4. Substrate

Babies are not precise feeders and tend to pick up loose substrate from mouthfuls of food. A kitchen towel is the best platform for babies because it does not pose a danger. Do not use sand until the baby is six months old, and NEVER use wood chips. This prevents an impact to the abdomen, which is usually fatal.

5. Install the Vivarium before buying the bearded dragon

When you get your vivarium, you’ll find that the temperatures will fluctuate at first, and you’ll need time to play around with the thermostat sensor position before you get the temperature range right. Setting up the vivarium and letting it settle for about a week before bringing the baby home is the best idea.

6. Bringing home a bearded dragon

Most babies travel quite comfortably in a small, dark box. Additional heating is not needed unless the weather is very cold. In this case, you can use a hot water bottle to keep the box warm.

When you first bring your new baby home, you may find that it eats the first batch of crickets you eagerly put in the vivarium, and then refuses to eat. Many new owners worry about this, but it’s just a reaction to the stress of moving. It takes up to two weeks before the baby gets used to a normal eating habit.

To help it settle in, it’s best to resist the urge to take it out and handle it. Give it two weeks to settle before picking it up. You can start getting used to it by putting your hand in the vivarium while feeding or cleaning it.

When it’s time to start processing, lift it up by sliding your hand under it and scooping it up. In the wild, their main predators are birds, so anything that comes against them scares them.

From time to time, your baby will get lines on his stomach, like tiger marks. These are stress lines, but don’t worry too much about them. Many things cause momentary stress to a baby, and most of them are not cause for concern. It could be a dark coat that they suddenly see out of the corner of their eye.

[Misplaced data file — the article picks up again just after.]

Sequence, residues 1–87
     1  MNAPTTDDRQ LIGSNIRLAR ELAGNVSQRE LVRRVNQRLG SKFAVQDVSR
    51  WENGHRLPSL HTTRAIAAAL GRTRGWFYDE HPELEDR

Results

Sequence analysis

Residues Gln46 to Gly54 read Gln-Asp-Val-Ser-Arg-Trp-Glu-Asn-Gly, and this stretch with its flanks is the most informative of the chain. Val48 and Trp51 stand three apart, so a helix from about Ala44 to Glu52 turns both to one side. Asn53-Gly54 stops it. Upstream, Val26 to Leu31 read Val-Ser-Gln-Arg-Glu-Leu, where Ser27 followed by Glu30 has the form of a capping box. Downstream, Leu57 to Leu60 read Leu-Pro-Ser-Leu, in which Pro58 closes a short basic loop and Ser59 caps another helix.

In the morning, your beard is cold and calm. It takes about an hour for them to warm up and start moving, which is just like in the desert. Just make sure you give them time to wake up properly before serving food.

7. Feeding a baby bearded dragon

Babies under 12 weeks old should be fed 3 times a day with small-sized crickets (first or second stage of development). Each feed should be as many as they can eat in 10 minutes. One feed per day should be dusted with calcium to prevent MBD. Finely cut vegetables or fruits should always be available. As an adult, your beardie is 80% vegetarian, so he needs to get used to eating vegetables early.

The best live food is crickets because of the amount they eat. You can feed the grasshoppers, but this will be much more expensive, and after they have eaten the grasshoppers, some will not want to eat the crickets because they are more bitter. Do not feed mealworms as a staple food, as their skins are rich in chitin, which bearded dragons cannot digest very well. Mealworms and waxworms can be offered as an occasional treat.

Most bearded dragons will not eat dried or frozen food, so you will have to get used to feeding them live food.

8. Join a discussion group

Bearded dragons seem to enjoy confusing and worrying their new owners. Join a bearded dragon or reptile forum to ask for advice from people who have had the same concerns as you and can give you advice and reassurance.

Raising a fast-growing reptile is a great experience, and if you make sure its environment and feeding system are right, you’ll have a pet that lives healthily for more than 10 years. The first few weeks and months are critical periods in raising a bearded dragon – they are not difficult to keep as long as you take the time to understand what they need to grow and develop properly.